void = this.msg.text(psprintf(...));
void = this.msg.text(psprintf(...));
void = this.msg.text(transaction.psdisplay());
void = this.msg.text(psprintf(...));
void = this.msg.text(psprintf(...));
void = this.msg.text(this.status.psdisplay());
this.msg.end_msg();
}
...
}
}
}

Class Reference: Message Reporting Class - rvm_log


A-19

Example: Creating Hierarchical References


Create a hierarchical structure of message reporting objects for the
AHB bus component.
class ahb_bus {
rvm_log msg;
ahb_master masters[*];
ahb_slaves slaves[*];
ahb_arbiter arb;
task new(string instance, ...) {
...
this.msg = new("AHB BUS", instance);
for (i = 0; i < this.masters.size(); i++) {
this.msg.is_above(this.masters[i].msg);
}
for (i = 0; i < this.slaves.size(); i++) {
this.msg.is_above(this.slaves[i].msg);
}
this.msg.is_above(this.arb.msg);
}
}

Example: Hierarchical Control


Set message verbosity level to trace for the entire structure under the
top-level AHB bus component.
program testn {
...
env.ahb.msg.set_verbosity(env.ahb.ms.g.TRACE_SEV,
*, *, 1);
...
}

Class Reference: Message Reporting Class - rvm_log


A-20

Example: Pattern-Based Message Promotion


Demote all messages with an error severity containing the pattern
"abort" in all instances of message reporting objects named "AHB
Master" to warning severity.
program testn {
verif_env env = new;
...
env.msg.modify("AHB Master", "/./", *
*, *, env.msg.ERROR_SEV, "/abort/",
*, env.msg.WARNING_SEV);
...
}

Messenger Service Callbacks rvm_log_callbacks


This class provides a set of object-oriented callback methods that
are invoked at different points by the message service. See the
documentation for the rvm_xactor::append_callback() method.
task pre_abort(rvm_log log )
Object-oriented callback method that is invoked before the
simulation is aborted. See the modify() method.
task pre_stop(rvm_log log )
Object-oriented callback method that is invoked before the
simulation is stopped. See the modify() method.
task pre_debug(rvm_log log )
Object-oriented callback method that is invoked before breaking
into the debugger. See the modify() method.

Class Reference: Messenger Service Callbacks - rvm_log_callbacks


A-21

Message Descriptor Class - rvm_log_msg


This class describes a message issued by a message service
instance. It is returned by the rvm_log::wait_for_watchpoint_t() and
rvm_log::wait_for_msg_t() method.

Public Interface
rvm_log log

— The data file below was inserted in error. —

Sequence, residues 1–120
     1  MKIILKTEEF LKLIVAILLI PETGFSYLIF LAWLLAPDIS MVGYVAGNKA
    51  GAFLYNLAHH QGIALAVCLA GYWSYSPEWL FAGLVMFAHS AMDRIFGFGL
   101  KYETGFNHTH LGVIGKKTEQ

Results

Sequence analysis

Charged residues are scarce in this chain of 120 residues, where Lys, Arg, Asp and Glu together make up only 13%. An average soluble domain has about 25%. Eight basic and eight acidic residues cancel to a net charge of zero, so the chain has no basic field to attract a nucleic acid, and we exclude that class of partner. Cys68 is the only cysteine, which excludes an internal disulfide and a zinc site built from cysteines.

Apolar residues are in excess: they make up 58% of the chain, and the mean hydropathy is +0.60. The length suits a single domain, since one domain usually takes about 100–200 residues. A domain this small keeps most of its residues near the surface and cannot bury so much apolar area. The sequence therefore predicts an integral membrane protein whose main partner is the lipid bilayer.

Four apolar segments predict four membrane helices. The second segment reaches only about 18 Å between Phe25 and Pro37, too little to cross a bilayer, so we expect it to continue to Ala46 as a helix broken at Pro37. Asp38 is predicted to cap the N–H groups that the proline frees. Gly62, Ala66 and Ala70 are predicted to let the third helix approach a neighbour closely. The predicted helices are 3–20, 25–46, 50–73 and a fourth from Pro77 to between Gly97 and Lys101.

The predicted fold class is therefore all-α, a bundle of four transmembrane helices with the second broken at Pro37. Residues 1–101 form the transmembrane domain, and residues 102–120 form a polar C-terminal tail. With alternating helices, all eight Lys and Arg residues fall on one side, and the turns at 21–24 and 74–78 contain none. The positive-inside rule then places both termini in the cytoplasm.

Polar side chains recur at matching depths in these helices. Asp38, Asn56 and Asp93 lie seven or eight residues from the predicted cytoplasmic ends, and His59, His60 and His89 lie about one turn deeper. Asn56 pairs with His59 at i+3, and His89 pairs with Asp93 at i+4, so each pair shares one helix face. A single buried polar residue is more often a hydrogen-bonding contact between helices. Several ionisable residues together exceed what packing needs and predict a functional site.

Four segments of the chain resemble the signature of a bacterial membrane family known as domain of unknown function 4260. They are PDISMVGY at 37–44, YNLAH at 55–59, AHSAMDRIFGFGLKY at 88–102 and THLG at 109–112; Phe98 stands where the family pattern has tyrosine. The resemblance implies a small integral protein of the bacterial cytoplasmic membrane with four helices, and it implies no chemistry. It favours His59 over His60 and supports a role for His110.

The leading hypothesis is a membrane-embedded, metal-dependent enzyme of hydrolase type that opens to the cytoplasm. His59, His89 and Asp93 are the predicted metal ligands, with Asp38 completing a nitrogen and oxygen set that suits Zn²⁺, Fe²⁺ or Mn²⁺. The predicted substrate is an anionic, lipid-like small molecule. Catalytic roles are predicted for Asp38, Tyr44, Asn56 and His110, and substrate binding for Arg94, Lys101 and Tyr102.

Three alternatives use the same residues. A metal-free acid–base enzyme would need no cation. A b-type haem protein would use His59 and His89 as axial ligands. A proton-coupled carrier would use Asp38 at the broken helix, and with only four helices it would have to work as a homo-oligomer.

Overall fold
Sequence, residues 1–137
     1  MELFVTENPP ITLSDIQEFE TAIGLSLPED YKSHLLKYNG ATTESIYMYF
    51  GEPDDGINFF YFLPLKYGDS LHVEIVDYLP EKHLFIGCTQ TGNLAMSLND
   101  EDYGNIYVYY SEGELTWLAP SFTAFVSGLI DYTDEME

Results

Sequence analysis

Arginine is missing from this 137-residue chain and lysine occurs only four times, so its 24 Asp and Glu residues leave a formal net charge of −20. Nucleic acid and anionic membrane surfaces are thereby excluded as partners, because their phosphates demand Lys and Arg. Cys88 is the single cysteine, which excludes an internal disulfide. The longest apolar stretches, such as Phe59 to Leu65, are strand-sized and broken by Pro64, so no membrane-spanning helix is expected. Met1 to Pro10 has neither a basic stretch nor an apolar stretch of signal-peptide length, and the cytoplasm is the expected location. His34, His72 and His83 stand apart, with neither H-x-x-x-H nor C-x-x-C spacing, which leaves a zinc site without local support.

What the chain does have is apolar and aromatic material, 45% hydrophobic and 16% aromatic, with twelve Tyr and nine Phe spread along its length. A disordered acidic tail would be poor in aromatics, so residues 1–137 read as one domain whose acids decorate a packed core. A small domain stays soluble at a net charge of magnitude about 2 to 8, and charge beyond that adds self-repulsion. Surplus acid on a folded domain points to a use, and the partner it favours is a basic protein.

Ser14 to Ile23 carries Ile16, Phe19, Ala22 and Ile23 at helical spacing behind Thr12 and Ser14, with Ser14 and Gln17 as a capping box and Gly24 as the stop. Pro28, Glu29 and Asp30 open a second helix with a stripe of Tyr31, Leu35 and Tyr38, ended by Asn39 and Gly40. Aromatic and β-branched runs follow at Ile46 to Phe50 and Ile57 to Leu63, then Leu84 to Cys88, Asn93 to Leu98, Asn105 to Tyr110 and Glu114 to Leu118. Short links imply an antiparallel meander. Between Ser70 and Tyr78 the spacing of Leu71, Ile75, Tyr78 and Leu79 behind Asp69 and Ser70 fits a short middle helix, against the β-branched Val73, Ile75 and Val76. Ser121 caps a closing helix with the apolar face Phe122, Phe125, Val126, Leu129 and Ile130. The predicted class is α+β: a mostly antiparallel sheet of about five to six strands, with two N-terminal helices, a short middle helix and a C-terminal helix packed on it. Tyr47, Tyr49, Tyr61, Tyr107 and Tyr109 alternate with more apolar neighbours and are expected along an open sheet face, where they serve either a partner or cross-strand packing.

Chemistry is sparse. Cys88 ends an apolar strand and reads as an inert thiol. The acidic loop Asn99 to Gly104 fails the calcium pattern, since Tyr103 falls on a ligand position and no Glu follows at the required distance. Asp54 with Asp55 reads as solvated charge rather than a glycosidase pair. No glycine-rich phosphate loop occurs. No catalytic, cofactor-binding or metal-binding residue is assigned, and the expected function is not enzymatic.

A reference to the message reporting object instance which has
issued the message.
reg [63:0] timestamp
The simulation time when the message was issued.
integer id
Message ID
integer original_type
Original message type as specified in the code creating the
message. See the rvm_log::FAILURE_TYP and other symbolic
values for a description of the possible values.
integer original_severity
Original message severity as specified in the code creating the
message. See the rvm_log::FATAL_SEV and other symbolic
values for a description of the possible values.
integer effective_type
Effective message type as potentially modified by the modify()
method. See the rvm_log::FAILURE_TYP and other symbolic
values for a description of the possible values.

Class Reference: Message Descriptor Class - rvm_log_msg


A-22

integer effective_severity
Effective message severity as potentially modified by the
modify() method. See the rvm_log::FATAL_SEV and other
symbolic values for a description of the possible values.
string text[$]
Formatted text of the message. Each element of the array
contains one line of text as built by individual calls to the text()
method. Only the first body of a multi-body message is included.
reg issued
Indicates if the message has been physically issued or not.
integer handling
The simulation handling after the message is physically issued.
See the handling parameter of the rvm_log::modify() method for
a description of the possible values.

Message Formatting Class - rvm_log_format


This class contains methods that are invoked by the message
reporting object to format messages according to a user-defined
format. New message formats are implemented by extending this
class then registering an instance of the class extension via the
virtual function rvm_log_format set_format(rvm_log_format fmt)